The second problem has its origin in the Social Security Amendment Act 1987 which further amended s 14(1) so as to introduce a “both resident and present” test. Again, and unfortunately, s 14(2) was not amended to catch up with the changes to s 14(1). This drafting error also has been carried through to the current provisions.
We are satisfied that the legislative scheme requires the ss 9 and 10 exceptions to be treated as correlating precisely with the eligibility rules to which they apply. This requires that s 10(1) be construed as if it provided:
For the purposes of s 8(b) and (c), an applicant is deemed to have been both present and resident in New Zealand, during any period of absence while engaged in missionary work outside New Zealand as a member of, or on behalf of, any religious body ....
The parties agree that this is the correct approach. Accordingly, a missionary who was ordinarily resident in New Zealand before leaving to carry out missionary work is entitled to count against the s 8(b) and (c) requirements the time spent out of New Zealand on missionary work; and this without any requirement to establish, independently, that he or she was, at that time, “resident” in New Zealand.
As to the broader legislative scheme, we note that:
Under s 21 of the Act, a person is not entitled to New Zealand superannuation while absent from New Zealand, except as specifically provided to the contrary. This disentitlement does not apply generally in relation to the first 26 weeks of certain temporary absences from New Zealand. Nor does it necessarily apply in relation to absences of up to two years for medical treatment, or absences of up to 156 weeks by a person engaged in full-time voluntary and unpaid humanitarian work.
Sections 26–35 also make provision, in reasonably complex terms, for payment of New Zealand superannuation to those
residing for periods in excess of 26 weeks (or up to 52 weeks in respect of certain Pacific states) in countries with which New Zealand does not have relevant reciprocal agreements or conventions or
travelling for more than 26 weeks but not residing in any other country.
Such a person must be ordinarily resident in New Zealand at the time of his or her application. The amount receivable is calculated by reference to the amount of time the person concerned has resided in New Zealand between the ages of 20 and 65 with absences within s 9 and on missionary service not counted as such.
Section 74(1)(a) of the Social Security Act permits termination or reduction of benefits payable to, or in respect of, persons who are not ordinarily resident in New Zealand. Given the definition of “benefit” in s 3 of the Social Security Act, this power applies in relation to New Zealand superannuation. Section 74 is expressed to apply notwithstanding anything to the contrary in the 2001 Act, with the result that it can be resorted to even in circumstances in which superannuation is payable pursuant to ss 21–35 in respect of someone who is outside New Zealand.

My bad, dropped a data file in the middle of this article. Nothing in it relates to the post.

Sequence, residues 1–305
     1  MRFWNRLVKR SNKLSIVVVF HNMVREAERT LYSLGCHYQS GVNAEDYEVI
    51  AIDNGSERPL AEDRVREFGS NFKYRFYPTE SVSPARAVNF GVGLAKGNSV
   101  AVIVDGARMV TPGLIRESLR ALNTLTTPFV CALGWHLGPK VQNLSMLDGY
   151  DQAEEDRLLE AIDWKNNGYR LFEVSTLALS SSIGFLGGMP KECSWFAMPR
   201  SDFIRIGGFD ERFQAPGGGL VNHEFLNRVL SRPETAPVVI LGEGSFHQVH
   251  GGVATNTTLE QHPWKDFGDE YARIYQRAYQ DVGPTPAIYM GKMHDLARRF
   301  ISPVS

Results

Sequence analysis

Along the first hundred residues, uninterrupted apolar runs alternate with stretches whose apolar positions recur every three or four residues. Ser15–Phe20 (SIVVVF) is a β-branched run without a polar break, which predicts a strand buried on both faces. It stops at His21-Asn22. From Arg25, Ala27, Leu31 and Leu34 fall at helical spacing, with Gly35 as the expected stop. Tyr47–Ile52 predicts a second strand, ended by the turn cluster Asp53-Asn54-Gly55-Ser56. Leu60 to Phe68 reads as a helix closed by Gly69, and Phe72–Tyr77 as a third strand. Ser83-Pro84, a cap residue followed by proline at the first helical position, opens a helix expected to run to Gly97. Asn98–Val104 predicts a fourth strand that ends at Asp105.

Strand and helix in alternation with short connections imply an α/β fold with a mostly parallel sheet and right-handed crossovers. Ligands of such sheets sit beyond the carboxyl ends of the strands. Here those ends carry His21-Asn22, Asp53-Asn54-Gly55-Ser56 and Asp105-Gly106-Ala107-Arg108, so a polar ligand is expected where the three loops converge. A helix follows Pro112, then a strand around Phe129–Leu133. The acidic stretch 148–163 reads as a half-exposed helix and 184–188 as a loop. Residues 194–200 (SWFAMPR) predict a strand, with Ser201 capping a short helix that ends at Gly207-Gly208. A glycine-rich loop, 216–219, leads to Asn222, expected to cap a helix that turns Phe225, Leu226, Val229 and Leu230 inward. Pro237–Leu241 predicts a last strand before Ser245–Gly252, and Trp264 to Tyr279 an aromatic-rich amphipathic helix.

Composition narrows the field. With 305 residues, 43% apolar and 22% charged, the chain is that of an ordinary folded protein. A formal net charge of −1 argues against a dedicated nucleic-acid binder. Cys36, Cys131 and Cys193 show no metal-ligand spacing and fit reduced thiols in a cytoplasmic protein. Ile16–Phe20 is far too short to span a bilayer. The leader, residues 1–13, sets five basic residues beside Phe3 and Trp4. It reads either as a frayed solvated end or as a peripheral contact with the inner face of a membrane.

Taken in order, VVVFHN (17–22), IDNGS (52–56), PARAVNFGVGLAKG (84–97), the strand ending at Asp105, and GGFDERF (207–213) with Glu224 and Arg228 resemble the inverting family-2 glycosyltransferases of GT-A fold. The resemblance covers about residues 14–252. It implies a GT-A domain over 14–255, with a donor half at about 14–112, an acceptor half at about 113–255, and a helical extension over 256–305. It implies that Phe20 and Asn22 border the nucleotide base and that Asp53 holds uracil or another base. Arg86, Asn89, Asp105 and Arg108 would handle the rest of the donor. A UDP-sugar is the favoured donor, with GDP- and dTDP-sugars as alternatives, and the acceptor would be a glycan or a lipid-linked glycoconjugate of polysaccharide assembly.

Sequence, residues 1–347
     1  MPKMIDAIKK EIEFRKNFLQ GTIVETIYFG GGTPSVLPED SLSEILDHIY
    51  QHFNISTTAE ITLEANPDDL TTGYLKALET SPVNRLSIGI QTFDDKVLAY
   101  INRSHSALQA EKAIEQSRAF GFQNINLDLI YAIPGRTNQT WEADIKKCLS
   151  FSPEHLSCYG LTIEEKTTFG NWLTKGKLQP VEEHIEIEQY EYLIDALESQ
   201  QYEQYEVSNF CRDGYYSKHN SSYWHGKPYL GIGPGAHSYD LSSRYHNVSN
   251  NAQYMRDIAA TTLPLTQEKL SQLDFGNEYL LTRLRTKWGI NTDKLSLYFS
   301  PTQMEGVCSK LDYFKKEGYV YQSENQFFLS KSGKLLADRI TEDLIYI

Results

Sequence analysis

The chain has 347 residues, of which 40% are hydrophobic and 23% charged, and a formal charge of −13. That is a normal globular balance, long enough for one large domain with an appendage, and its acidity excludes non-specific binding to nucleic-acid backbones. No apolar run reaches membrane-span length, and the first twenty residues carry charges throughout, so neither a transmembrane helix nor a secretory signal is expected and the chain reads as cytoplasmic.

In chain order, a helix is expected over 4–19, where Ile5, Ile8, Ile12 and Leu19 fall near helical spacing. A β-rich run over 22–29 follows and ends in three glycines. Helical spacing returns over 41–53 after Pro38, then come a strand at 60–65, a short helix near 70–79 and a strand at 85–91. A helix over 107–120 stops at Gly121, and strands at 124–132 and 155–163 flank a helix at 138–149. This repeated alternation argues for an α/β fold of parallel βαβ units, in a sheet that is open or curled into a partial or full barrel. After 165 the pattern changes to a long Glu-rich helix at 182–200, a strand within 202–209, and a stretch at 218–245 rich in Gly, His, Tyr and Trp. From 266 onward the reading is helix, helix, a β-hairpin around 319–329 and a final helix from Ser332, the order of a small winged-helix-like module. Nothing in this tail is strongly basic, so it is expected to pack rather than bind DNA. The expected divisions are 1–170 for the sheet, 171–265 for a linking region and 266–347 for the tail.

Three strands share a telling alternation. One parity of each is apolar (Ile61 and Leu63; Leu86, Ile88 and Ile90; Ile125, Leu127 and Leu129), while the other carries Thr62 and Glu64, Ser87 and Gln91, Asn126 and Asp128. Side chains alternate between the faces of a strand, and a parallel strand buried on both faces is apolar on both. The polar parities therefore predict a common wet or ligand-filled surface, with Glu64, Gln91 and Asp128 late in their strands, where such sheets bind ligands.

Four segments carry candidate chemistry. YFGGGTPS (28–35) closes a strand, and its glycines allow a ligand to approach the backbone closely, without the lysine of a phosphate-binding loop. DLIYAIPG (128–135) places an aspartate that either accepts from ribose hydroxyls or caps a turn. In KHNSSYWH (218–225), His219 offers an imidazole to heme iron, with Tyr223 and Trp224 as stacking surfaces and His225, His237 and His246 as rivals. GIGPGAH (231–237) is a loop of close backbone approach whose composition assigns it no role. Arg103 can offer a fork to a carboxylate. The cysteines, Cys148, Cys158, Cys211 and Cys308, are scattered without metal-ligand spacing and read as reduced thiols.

The issue in the case
Against this background, it is clear that Mrs Greenfield meets the s 8(b) and (c) eligibility criteria. This is because the years she has spent out of New Zealand as a missionary count towards periods of presence and residence in New Zealand required by those two subsections.
The only issue is therefore whether she was ordinarily resident in New Zealand at the date of her application.
The decisions below
The review and appeal structure
Determination of eligibility for New Zealand superannuation is made under the Act in the first instance by the Chief Executive. An applicant then has a right to apply to a Benefits Review Committee in respect of an adverse decision by the Chief Executive and a right of appeal to the Authority. From decisions of the Authority there is a right of appeal, but on a question of law only, to the High Court, with further right of appeal, but subject to leave, to the Court of Appeal and this Court.
In the current context it is unnecessary to refer to the reasons of the Chief Executive or Benefits Review Committee.
The Authority’s decision
The Authority upheld the decision of the Chief Executive. In doing so, it concluded that:
Sections 9 and 10 are directed towards determining the period an applicant has been resident and present in New Zealand for the purposes of s 8(b) and (c).
Section 10 does not provide that a missionary must also be treated as being ordinarily resident in New Zealand during any period of absence from New Zealand.
The expression “ordinarily resident” means the place or places where a person leads a settled existence broken only by temporary absences.
Mrs Greenfield did not lead a settled life in New Zealand and her absence from New Zealand could not be regarded as temporary.
The High Court judgment
The appeal to the High Court was on questions of law and Collins J was thus only entitled to interfere with the decision of the Authority if it was erroneous on a point of law.